Training the brain can make a person's memory long-lasting, suggests study.
Researchers from McMaster University found that when individuals were shown visual and abstract patterns, they are able to recall very specific information from what they learned one to two years earlier.
"We found that this type of learning, called perceptual learning, was very precise and long-lasting," said Zahra Hussain, lead author of the study who is a former McMaster graduate student in the Department of Psychology, Neuroscience and Behaviour and now a Research Fellow at the University of Nottingham.
"These long-lasting effects arose out of relatively brief experience with the patterns - about two hours, followed by nothing for several months, or years," she said.
The researchers asked participants to identify one specific face in a large pattern, which could prove to be a difficult task. However, these participants had difficulty identifying the correct images in the early stages, but improved as they continued to practice.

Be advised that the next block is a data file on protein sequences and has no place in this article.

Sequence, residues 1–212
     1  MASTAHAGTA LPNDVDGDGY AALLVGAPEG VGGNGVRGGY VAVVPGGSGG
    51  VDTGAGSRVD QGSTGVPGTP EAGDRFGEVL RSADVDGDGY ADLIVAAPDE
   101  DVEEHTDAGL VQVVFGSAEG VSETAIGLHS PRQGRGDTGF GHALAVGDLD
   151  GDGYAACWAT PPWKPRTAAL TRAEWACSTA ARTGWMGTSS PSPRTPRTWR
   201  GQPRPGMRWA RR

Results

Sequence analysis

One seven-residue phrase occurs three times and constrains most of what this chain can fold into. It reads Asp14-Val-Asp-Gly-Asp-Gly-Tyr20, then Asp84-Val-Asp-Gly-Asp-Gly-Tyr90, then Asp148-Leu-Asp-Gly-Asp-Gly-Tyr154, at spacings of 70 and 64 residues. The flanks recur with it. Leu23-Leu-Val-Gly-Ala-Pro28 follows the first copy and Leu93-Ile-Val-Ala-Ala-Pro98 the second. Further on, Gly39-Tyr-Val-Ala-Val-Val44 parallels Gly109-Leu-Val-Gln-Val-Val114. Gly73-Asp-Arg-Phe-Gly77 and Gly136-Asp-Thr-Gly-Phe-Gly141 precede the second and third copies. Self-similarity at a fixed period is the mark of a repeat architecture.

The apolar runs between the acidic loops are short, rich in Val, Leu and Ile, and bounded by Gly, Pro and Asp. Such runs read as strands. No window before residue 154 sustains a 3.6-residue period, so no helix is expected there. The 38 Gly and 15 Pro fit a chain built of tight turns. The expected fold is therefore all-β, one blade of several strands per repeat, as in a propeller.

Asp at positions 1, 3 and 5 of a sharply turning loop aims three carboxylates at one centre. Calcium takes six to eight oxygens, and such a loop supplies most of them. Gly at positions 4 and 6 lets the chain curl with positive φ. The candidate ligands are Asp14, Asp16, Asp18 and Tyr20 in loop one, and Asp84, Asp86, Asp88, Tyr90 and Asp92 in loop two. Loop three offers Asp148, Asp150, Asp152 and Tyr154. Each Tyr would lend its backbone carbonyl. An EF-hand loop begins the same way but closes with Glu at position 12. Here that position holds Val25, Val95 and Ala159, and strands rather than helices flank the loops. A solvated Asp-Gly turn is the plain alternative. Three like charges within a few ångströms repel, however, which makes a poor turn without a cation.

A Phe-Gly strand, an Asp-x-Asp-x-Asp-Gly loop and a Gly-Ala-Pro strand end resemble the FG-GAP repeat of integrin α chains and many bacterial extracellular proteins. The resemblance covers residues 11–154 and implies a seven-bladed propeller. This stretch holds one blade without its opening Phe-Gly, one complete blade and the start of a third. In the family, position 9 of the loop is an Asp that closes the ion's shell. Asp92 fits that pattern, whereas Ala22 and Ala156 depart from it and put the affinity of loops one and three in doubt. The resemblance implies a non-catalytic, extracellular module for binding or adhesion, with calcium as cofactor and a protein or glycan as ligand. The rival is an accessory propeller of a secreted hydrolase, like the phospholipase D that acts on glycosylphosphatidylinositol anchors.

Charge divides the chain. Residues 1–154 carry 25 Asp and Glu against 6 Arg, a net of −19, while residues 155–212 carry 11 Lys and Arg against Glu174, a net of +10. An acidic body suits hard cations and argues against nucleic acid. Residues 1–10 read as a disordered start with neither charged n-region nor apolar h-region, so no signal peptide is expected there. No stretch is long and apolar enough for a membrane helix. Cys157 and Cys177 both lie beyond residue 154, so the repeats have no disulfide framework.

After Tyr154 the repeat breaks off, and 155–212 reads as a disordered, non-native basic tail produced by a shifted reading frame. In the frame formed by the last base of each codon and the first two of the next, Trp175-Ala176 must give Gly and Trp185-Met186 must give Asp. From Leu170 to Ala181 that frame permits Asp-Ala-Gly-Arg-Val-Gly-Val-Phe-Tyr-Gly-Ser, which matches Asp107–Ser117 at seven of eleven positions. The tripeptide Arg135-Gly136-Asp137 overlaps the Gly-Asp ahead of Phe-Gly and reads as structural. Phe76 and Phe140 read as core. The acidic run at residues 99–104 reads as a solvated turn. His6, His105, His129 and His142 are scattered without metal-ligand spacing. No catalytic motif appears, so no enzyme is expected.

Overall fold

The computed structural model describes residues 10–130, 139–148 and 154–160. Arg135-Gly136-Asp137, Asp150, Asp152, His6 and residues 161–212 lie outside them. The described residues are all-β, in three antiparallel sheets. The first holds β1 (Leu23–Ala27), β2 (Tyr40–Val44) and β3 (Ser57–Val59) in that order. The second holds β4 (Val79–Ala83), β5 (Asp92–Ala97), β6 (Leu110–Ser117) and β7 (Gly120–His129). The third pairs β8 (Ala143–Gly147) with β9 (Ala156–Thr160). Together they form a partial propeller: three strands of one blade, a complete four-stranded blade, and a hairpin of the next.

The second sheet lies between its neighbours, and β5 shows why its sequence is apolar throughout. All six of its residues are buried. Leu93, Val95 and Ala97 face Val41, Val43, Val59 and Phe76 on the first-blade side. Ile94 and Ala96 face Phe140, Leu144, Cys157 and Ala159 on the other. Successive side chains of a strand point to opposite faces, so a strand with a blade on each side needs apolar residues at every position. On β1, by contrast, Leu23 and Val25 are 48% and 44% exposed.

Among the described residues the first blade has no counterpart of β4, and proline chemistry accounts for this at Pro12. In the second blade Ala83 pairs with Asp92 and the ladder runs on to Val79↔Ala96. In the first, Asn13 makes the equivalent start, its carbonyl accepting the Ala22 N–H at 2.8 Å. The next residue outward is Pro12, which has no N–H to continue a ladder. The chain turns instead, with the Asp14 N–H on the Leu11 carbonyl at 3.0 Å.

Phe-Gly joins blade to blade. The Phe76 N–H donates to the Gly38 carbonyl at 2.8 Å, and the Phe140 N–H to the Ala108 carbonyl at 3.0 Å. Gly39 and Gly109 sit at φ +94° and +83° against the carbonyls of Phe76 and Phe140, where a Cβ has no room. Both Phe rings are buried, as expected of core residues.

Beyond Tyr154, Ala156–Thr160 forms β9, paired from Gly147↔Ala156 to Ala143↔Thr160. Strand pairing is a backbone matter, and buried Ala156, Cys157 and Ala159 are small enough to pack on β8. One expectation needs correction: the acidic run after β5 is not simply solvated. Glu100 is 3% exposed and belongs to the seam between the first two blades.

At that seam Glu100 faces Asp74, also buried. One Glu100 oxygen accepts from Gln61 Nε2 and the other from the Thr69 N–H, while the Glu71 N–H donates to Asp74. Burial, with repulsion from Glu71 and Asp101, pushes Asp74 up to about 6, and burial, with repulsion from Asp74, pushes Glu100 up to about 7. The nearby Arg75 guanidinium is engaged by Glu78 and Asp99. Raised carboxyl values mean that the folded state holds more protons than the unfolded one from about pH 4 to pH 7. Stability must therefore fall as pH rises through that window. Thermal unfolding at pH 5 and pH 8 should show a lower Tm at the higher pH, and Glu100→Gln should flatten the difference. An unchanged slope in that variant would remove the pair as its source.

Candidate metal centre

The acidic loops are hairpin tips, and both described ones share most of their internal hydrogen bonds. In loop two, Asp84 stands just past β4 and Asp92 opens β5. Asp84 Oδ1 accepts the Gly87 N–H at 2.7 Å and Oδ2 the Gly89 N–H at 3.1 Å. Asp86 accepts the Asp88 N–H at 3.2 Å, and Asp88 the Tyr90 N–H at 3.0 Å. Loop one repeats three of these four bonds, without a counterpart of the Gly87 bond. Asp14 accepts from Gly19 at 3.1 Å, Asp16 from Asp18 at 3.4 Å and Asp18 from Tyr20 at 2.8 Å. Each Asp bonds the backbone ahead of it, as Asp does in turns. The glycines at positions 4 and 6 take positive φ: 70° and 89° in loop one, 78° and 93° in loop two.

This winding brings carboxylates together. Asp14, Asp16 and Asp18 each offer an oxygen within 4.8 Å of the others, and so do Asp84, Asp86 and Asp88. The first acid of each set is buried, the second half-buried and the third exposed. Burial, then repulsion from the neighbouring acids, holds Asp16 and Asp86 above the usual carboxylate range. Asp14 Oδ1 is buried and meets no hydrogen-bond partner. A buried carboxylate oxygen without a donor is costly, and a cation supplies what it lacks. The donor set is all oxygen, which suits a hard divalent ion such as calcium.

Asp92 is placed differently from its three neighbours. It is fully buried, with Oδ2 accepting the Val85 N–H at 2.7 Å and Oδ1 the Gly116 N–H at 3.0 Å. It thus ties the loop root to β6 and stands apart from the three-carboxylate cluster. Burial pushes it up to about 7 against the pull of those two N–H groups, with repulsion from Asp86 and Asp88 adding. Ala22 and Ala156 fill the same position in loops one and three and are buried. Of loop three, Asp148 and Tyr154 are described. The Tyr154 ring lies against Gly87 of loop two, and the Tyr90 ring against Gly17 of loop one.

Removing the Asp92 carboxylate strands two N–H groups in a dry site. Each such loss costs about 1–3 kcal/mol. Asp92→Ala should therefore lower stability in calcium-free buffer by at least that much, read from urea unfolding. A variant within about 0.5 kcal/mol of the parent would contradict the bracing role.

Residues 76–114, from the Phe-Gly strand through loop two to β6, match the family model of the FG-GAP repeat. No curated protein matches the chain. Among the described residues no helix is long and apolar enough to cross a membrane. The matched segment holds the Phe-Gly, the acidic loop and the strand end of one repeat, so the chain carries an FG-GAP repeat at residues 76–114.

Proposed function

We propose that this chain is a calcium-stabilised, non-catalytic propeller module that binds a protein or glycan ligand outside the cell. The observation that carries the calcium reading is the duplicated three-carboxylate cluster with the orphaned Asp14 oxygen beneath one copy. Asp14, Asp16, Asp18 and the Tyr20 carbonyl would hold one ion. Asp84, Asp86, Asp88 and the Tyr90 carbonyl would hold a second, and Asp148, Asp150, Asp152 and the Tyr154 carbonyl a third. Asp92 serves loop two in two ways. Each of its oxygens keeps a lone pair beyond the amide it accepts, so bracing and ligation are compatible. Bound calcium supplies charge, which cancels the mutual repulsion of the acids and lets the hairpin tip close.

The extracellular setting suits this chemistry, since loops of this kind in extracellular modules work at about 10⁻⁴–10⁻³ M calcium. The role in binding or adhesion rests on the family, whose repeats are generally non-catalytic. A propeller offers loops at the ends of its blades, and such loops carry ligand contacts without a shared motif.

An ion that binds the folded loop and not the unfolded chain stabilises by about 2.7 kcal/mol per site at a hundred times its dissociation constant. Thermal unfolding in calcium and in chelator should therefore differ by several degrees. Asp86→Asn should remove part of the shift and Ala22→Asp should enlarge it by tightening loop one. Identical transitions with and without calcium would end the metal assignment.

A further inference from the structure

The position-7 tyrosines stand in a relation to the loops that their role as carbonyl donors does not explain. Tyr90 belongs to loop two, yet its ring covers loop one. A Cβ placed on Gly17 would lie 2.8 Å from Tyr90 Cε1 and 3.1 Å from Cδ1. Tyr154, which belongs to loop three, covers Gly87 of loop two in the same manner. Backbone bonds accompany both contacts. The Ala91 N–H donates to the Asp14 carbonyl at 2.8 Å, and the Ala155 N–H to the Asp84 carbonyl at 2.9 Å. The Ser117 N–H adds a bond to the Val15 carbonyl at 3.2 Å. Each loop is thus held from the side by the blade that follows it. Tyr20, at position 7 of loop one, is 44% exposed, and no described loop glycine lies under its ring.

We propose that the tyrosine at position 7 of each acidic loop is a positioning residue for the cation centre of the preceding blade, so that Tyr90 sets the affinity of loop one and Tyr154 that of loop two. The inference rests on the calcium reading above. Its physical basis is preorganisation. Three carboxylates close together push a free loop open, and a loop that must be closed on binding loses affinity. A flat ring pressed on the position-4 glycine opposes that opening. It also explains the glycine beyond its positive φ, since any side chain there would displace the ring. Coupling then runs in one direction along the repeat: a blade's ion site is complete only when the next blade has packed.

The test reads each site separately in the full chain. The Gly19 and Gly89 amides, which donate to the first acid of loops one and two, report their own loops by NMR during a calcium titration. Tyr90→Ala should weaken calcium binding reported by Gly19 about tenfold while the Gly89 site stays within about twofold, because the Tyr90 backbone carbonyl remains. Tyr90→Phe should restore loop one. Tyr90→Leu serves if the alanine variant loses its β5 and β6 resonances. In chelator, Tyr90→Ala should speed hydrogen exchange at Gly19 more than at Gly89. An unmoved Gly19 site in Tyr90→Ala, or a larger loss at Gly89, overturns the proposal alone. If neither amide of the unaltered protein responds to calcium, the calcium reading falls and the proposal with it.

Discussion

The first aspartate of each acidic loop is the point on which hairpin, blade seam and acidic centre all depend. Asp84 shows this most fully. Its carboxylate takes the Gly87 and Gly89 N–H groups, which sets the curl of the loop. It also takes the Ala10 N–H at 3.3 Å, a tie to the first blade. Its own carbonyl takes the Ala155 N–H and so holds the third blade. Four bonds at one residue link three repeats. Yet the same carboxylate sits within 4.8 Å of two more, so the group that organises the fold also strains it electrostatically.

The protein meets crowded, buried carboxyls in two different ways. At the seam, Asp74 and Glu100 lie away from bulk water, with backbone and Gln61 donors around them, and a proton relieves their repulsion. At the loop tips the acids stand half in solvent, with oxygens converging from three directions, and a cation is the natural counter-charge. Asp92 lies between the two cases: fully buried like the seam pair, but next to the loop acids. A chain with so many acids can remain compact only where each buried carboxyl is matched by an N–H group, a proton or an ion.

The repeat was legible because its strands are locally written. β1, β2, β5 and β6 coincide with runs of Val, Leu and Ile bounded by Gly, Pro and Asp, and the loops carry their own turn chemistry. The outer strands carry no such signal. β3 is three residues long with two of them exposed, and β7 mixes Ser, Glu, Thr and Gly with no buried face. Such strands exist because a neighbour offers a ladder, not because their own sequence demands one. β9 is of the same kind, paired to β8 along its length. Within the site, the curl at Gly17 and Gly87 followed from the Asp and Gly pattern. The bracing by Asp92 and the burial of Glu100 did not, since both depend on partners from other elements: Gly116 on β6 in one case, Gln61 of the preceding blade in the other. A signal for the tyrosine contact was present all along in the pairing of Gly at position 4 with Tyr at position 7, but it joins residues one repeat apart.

About one year later, these people were asked to come back and complete the same task again, as well as a new version of the assignment.
The researchers found that when the participants finished the original task a second time, they were able to do so with as much accuracy as they had a year earlier. However, they struggled to complete the new assignment even though it was very similar.
"The brain really seems to hold onto specific information, which provides great promise for the development of brain training," said Allison Sekuler, co-author of the study.
The study appears this month in journal Psychological Science.